Thursday, March 24, 2011

Maine's Teabagger Governor Paul LePage Is Feeling Left Out-- So He Tries Another Embarrassing Stunt


Many voters are feeling a great deal of buyers' remorse for having elected some very extremist and anti-family Republican governors and state legislatures. Others are realizing that they made a mistake by staying away from the polls because they were disappointed in Democrats who looked almost as bad as the GOP. "Almost as bad" has turned into a yawning chasm.
[J]ust months after election day, three new Midwestern governors-- Wisconsin's Scott Walker (R), Ohio's John Kasich (R), and Michigan's Rick Snyder (R)-- have seen their approval ratings fall to the point that polls show them losing hypothetical do-over elections with the candidates they beat last year.

And even Republicans in Florida are worried that Rick Scott is more a one man wrecking crew of Florida's future than an actual governor. Chris Christie is getting a second look-- and they're not happy about how things are turning out with their nihilistic new governor.

Tucked all the way in the extreme northeast corner, jutting oddly into Canada, Maine isn't usually in the national spotlight. But the state suffered from the same unfocused anger and paranoia that the rest of the country did in November-- with Democrats and left-leaning independents leaving the field open for stirred up, if clueless, teabaggers. In Maine's case they elected one of their own, Paul LePage, governor (with 38% in a 3-way race) as well as a completely Republican-dominated state legislature. LePage has been stumbling along blindly since then, more a laughing stock than the kind of actual existential menace that characters like Walker, Kasich, Scott, Christie and Snyder have turned into. Yesterday LePage attempted to thrust himself into the national spotlight in a typically symbolic way. He ordered the removal of a 36-foot mural depicting Maine's labor history from the lobby of the Department of Labor.

Worker advocates described the move as a "mean-spirited" provocation amid the administration's high-tension standoff with unions.

Acting labor chief Laura Boyett emailed staff Tuesday about the mural's pending removal, as well as another administration directive to rename several department conference rooms that carry the names of pro-labor icons such as Cesar Chavez.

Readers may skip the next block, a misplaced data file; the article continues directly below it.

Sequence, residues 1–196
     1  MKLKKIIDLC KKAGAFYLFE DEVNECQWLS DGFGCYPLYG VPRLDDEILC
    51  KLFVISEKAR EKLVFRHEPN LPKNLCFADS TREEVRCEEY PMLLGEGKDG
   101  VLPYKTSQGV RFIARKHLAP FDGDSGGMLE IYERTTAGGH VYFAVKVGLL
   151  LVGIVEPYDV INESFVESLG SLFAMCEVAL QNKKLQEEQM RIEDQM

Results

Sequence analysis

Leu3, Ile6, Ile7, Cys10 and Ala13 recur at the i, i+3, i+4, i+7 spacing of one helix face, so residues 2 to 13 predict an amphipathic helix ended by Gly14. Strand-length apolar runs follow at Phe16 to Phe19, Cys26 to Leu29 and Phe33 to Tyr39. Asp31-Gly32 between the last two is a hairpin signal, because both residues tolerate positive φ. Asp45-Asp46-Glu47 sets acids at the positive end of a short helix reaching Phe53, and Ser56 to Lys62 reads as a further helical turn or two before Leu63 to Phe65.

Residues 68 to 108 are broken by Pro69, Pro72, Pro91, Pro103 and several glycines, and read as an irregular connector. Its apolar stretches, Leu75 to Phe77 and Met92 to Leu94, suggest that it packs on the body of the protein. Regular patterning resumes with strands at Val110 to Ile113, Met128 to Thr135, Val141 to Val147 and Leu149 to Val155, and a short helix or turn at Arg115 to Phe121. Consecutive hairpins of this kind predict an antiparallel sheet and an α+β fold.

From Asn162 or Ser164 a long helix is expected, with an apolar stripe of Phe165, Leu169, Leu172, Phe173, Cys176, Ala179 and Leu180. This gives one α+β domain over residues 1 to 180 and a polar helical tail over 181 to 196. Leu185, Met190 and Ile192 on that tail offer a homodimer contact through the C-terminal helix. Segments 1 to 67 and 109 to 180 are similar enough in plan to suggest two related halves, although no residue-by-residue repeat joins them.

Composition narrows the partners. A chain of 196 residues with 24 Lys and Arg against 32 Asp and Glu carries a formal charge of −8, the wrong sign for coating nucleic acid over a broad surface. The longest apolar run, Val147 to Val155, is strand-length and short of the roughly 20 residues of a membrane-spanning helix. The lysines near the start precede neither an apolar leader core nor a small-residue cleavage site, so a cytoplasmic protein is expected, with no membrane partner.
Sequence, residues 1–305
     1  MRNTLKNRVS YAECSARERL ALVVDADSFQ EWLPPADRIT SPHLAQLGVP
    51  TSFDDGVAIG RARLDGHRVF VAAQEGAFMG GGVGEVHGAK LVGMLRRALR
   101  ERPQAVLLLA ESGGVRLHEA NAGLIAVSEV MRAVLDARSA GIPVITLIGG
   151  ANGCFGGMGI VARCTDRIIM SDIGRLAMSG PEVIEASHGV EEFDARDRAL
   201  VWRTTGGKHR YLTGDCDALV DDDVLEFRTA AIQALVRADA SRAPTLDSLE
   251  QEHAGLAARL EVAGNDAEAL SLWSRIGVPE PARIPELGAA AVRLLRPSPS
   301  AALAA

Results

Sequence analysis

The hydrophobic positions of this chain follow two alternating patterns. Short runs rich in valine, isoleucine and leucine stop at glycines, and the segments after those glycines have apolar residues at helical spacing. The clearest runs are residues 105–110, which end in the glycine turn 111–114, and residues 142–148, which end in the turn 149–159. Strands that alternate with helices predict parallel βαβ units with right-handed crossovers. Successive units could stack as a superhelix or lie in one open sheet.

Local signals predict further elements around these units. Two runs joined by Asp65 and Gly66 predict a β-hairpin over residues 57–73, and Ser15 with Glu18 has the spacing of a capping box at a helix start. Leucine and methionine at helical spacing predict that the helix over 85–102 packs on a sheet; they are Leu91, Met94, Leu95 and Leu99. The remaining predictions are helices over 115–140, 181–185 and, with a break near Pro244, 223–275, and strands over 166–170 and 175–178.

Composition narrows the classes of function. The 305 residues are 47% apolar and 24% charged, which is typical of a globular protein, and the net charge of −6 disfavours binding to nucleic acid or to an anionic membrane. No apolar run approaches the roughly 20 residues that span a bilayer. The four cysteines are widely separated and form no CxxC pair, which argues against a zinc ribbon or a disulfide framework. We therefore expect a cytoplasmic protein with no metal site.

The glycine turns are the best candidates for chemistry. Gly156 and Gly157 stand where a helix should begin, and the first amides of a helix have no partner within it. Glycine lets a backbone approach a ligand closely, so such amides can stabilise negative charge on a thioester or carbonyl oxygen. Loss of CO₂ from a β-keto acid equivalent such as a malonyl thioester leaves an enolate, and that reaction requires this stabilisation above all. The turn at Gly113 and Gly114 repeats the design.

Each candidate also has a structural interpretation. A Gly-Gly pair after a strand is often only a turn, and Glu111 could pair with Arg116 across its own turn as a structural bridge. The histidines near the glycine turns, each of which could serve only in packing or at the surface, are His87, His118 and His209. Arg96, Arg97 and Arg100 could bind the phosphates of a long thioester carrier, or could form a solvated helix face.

According to LePage spokesman Dan Demeritt, the administration felt the mural and the conference room monikers showed "one-sided decor" not in keeping with the department's pro-business goals.

"The message from state agencies needs to be balanced," said Demeritt, adding that the mural had sparked complaints from "some business owners" who complained it was hostile to business.

Demeritt declined to name the businesses.

The mural was erected in 2008 following a jury selection by the Maine Arts Commission and a $60,000 federal grant. Judy Taylor, the artist from Seal Cove, said Tuesday that her piece was never meant to be political, simply a depiction of Maine's labor history.

The 11-panel piece depicts several moments, including the 1937 shoe mill strike in Auburn and Lewiston, "Rosie the Riveter" at Bath Iron Works, and the paper mill workers' strike of 1986 in Jay.

According to Taylor, the idea for the panels came from Charley Scontras, a labor historian at the University of Maine.

Taylor said the administration's decision to remove the mural was "terrible." She said her 2007 selection by the Maine Arts Commission was the "commission of a lifetime."
Taylor said she'd never heard that her mural painted an unflattering picture of business.

"There was never any intention to be pro-labor or anti-labor," she said. "It was a pure depiction of the facts."

...Mike Tipping, a spokesman for the Maine People's Alliance, a progressive organization, said LePage had been "elected to create jobs, not to be the state's interior decorator."

"The LePage administration is going after Maine workers on a bunch of different fronts," Tipping said. "I guess 'Rosie the Riveter' is just another casualty."

LePage's budget proposes cuts in retirement benefits for unionized state workers and teachers and LePage is working on proposals to limit the ability of unions to be an effective force for the rights of working families. His plan will gut pensions for thousands of middle class families while preserving his own $26,000 per year pension. Worse yet, he wants to use the "savings" he taking from working people not to fix infrastructure or strengthen education but to spend over $200 million of taxcuts for a small handful of the state's wealthiest families, expanding the estate tax exemption from $1 million to $2 million.

Ben Grant, chairman of the Maine Democratic Party, reminded people yesterday that it's not only public workers who will shoulder the cost of this $203 million tax giveaway to the rich. All working families will suffer. To fund these huge tax breaks for the wealthy, LePage's budget will:

• Cut property tax relief programs for 150,000 families 

• Slash prescription drug benefits for low-income seniors

• Freeze health insurance programs for working families

There is nothing "shared" about this kind of sacrifice, unless it is working Mainers sharing the cost of having Paul LePage as governor.

Maine Democrats, however, continue to pursue common sense legislation that benefits working families and our economic climate. Democrats in the Statehouse have submitted:

• LD 457, An Act to Provide a Liveable Wage for Maine Families, sponsored by Rep. Michael Carey, will adjust Maine's minimum wage to inflation every year.